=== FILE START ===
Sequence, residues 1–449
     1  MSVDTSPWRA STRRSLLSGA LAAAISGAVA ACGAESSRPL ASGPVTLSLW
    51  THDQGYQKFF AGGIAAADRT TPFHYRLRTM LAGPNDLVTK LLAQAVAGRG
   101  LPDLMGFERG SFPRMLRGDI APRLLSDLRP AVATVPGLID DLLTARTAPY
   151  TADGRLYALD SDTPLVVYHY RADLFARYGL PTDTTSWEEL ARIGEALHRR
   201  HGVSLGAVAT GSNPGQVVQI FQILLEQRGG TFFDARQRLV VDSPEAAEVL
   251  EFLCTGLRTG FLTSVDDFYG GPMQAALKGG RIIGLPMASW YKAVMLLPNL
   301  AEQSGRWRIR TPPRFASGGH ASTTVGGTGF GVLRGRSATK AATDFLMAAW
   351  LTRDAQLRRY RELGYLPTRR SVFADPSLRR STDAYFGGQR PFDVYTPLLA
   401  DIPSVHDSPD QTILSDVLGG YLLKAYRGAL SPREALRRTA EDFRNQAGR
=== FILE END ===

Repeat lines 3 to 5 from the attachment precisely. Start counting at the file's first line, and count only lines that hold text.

    51  THDQGYQKFF AGGIAAADRT TPFHYRLRTM LAGPNDLVTK LLAQAVAGRG
   101  LPDLMGFERG SFPRMLRGDI APRLLSDLRP AVATVPGLID DLLTARTAPY
   151  TADGRLYALD SDTPLVVYHY RADLFARYGL PTDTTSWEEL ARIGEALHRR